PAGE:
Does Congress Need to Intervene?
by Editorial Board
The Daily Astorian, February 7, 2011
The Columbia River sea lion controversy cannot keep dragging on
The current situation with regard to sturgeon, salmon and sea lions is ridiculous. Congressional action may be the only recourse.
It continues to do no favors to wildlife conservation or Columbia River fisheries to leave marine-mammal management to the contradictory whims of animal-rights groups, agencies, judges and others.
Last month, NOAA Fisheries announced that it wouldn't continue appealing a federal appellate court decision that hobbled the agency's effort to allow Oregon and Washington to begin a modest program of sea-lion population control on the Lower Columbia below Bonneville Dam. The underlying position being pushed by the Humane Society of the United States - the primary opponent of lethal, targeted control of specific sea lions - is that humans are the problem, not sea lions.
This particular case pertains to sea lion predation on endangered salmon. But the overarching dilemma is how we can have sustainable fisheries of any kind while simultaneously giving marine mammals a permanent open season on everything that swims in the Columbia. This includes sturgeon, which are now in serious decline, with sharply curtailed fishing seasons.
The federal judges acknowledged that Congress has already given NOAA Fisheries instructions that it can give endangered salmon first priority over sea lions, which are safeguarded under the Marine Mammal Protection Act. But based on the extremely limited first-hand observations of how many salmon are killed by sea lions immediately below Bonneville, the court wants an explanation of how the agency can at the same time continue to permit fishing seasons that result in death for between 5.5 and 17 percent of endangered salmon.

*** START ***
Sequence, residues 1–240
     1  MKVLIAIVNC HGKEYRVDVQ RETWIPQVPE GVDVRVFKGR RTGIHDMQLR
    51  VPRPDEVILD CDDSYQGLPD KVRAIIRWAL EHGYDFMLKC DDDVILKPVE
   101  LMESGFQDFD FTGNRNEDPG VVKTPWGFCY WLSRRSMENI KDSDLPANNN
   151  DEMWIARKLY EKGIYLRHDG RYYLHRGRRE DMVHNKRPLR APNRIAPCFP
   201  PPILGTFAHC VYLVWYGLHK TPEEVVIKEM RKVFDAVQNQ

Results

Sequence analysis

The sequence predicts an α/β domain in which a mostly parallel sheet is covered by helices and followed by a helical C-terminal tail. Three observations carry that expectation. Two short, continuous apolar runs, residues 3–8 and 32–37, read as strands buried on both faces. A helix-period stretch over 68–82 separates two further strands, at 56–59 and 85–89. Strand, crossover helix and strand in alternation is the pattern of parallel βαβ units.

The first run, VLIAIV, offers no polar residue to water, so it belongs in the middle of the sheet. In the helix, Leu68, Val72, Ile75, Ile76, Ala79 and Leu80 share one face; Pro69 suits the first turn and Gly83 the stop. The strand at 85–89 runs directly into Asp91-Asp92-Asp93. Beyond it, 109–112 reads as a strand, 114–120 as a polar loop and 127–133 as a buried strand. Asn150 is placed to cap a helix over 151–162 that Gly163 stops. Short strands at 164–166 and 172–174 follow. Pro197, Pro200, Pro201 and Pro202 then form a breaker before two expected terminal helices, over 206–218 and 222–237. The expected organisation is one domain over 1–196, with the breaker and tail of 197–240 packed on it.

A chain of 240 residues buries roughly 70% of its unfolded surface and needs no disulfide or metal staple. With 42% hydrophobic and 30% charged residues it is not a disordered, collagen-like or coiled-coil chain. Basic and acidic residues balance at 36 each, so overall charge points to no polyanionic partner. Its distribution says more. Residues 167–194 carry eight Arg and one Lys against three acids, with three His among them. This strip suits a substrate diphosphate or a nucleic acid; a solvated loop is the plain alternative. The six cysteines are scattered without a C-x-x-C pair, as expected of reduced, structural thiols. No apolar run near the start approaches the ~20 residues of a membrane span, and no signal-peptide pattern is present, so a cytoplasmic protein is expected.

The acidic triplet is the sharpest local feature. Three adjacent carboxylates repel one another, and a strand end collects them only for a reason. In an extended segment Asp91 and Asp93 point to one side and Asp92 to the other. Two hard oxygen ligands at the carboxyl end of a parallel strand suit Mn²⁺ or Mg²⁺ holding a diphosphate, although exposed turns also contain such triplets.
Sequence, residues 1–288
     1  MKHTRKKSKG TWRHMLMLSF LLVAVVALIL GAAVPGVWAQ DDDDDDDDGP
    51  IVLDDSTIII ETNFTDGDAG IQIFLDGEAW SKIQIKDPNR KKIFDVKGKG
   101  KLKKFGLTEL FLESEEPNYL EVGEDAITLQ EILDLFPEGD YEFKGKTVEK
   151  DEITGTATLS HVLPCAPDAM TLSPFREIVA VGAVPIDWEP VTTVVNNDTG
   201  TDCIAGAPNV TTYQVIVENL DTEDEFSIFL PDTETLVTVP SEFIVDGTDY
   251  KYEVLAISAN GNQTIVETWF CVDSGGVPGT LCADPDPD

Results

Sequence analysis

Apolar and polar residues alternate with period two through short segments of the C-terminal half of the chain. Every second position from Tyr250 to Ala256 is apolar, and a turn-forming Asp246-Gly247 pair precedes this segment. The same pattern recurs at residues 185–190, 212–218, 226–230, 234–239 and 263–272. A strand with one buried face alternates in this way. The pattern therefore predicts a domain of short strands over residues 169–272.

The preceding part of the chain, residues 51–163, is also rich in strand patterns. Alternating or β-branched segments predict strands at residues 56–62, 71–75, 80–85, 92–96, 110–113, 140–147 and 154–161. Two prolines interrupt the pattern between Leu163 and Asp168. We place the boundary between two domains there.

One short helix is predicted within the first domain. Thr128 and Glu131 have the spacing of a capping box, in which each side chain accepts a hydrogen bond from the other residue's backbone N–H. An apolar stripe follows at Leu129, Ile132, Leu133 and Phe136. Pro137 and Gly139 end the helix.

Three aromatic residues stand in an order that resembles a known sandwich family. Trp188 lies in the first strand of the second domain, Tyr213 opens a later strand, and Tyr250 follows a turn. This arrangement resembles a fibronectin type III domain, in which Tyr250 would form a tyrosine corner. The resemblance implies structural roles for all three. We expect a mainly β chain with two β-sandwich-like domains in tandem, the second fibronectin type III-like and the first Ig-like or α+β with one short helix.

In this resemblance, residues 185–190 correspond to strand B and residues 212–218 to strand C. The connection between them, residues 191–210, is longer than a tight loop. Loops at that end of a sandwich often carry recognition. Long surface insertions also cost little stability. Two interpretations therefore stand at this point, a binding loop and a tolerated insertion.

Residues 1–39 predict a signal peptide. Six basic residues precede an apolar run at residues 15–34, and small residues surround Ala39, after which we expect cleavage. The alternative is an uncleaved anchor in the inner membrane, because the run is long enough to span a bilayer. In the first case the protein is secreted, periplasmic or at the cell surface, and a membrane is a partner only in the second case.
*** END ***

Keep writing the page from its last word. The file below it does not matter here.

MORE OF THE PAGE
We know much more about how human fishermen impact salmon and sturgeon than we do about the impacts of marine mammals, pikeminnows, mergansers, terns and other predators. Although nets and hook-and-line fishing definitely kill some endangered salmon, the vast majority of predation by sea lions is invisible to us. And unlike humans, sea lions make no effort to avoid killing rare endangered salmon in favor of hatchery fish, nor do they avoid killing sturgeon breed stock.
Nobody, including fishermen, wants to go back to the days of shooting every creature that competes with us for salmon. Fishermen and their communities have a tremendous understanding and respect for the natural world and are strong allies for native fish and wildlife. We want all the environmental pieces to fit together and we want more salmon for everyone. Getting to this result is a complex formula that has more to do with fostering better habitat and ocean conditions than with anything else.
But unless or until genuine progress can be made in restoring consistently excellent habitat, we must maintain a careful program of limiting the amount of damage inflicted by sea lions.
Congress needs to modify the law to give wildlife managers the explicit power to cull the sea lion herd before it drives salmon, sturgeon and fishing seasons into extinction.
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